I told them of how, ever since I was a child, that walk-in closet had always frightened me, but not for the reasons they thought. Ever since I could remember, there was a voice in that closet, a raspy voice that only spouted threats and hate. It was all talk then, so I tried my best to ignore it and kept my closet door shut whenever I wasn’t getting dressed.
One day, the threats weren’t just words anymore. I was getting dressed when suddenly the closet door slammed shut and I was locked inside. The voice laughed and threatened me more as cried and shouted and beat the door. That was the day they (my parents) had the door taken out, thinking I had locked myself in as lots of young children do.
My mom had insisted I get a curtain to use as a door for the closet, but I adamantly refused. And so I spent the rest of my years in the house with the gaping hole of my ever-open closet and the voice talking to me whenever I was in my room, as it seemed that regardless of what partition we had for the closet or didn’t, the voice could not leave the closet. (Which I was so thankful for.) I never told anyone for fear that I would be seen as crazy.
When I went off to college, I enjoyed the silence of my room when my roommate wasn’t there. No raspy voices, no threats, no menacing whispers. I was glad to finally be free. I never went home during my four years of college, and that was the reason why. As my senior year passed quickly by, though, I realized that I would have to move back home for a while. Determined to not be tormented by a bodiless voice stuck in a closet, I decided to arm myself with knowledge.
I looked through the endless records and articles in the school’s library and learn some things. There was a man who had once lived in our house, and hung himself in that walk-in closet. The voice, I believe, is his spirit, stuck there for all of eternity it seemed. But why threaten and berate and torture me? What had I done to the him other than cower and cry, a terrified child, as he, or well his spirit, showered me with insults? I dove deeper into the records and found that he had relatives who were still alive. I tracked down these people and inquired about him.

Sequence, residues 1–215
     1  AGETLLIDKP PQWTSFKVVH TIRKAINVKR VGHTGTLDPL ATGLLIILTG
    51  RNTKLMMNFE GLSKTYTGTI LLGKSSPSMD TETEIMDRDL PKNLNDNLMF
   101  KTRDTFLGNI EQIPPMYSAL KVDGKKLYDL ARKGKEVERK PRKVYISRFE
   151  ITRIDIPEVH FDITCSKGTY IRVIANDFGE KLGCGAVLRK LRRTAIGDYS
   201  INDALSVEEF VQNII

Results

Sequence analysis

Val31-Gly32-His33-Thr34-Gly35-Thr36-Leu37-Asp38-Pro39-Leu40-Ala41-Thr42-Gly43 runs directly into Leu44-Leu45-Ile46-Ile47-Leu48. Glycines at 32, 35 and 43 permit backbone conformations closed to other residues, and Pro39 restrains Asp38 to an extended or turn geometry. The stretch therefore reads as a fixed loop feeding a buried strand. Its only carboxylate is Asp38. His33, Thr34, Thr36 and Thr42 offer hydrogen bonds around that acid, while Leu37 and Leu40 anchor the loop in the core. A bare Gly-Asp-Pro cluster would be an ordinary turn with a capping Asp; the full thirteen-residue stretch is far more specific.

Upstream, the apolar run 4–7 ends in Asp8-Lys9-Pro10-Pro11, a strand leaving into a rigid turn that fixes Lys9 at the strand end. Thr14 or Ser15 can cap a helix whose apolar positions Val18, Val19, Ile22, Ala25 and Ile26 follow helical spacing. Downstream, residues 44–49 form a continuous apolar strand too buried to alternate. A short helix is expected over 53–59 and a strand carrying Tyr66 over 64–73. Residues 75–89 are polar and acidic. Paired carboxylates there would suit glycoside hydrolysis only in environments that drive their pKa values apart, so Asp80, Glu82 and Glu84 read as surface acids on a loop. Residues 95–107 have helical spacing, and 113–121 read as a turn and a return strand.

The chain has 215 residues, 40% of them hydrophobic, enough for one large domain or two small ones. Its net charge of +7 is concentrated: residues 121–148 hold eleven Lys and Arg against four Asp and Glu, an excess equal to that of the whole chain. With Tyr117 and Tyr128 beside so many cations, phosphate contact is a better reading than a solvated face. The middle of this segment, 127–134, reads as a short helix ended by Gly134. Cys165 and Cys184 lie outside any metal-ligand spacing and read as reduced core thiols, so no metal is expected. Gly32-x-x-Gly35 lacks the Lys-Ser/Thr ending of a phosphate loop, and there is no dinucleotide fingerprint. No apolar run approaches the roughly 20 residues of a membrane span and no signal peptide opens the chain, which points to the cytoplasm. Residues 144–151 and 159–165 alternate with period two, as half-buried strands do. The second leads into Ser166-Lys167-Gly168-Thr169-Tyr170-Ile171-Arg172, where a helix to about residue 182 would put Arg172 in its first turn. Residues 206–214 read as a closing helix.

They were wary of my inquires, but when I told them I had grown up in the house he had died in and was just interested to know who he had been, they showed me a box of his old things.
Inside the box were some old books, a pocket knife, loose change, and a bunch of old photographs. None of them, however, were of the man. Instead all of them were of a woman with dark hair. His relatives told me she was a singer named Hannah that the man had been obsessed with. Like really obsessed. We talked for a bit longer and I thanked them for the information as I left.
Later that week, I found some more information on that singer, Hannah. Apparently she was bound for stardom, but that all changed when her sister, Helga, fell ill and Hannah ended her career to take care of her sister. I stopped cold. The voice had often called me Helga when he was really upset with me. I shivered and continued my search.
Eventually found a picture of Hannah and her family. My jaw dropped. Sitting next to Hannah was none other than Helga, but her face… Helga’s face was mine! (At this point I showed my parents the photo and they too were shocked by the uncanny resemblance).
And so the poor man who had died in my closet mistook me for Helga. He blamed her, and thus me, for Hannah’s squashed career. A rabid fan even in death.
Once I had finished my tale, my parents we silent. We sat for a while on the curb until…
… I woke up.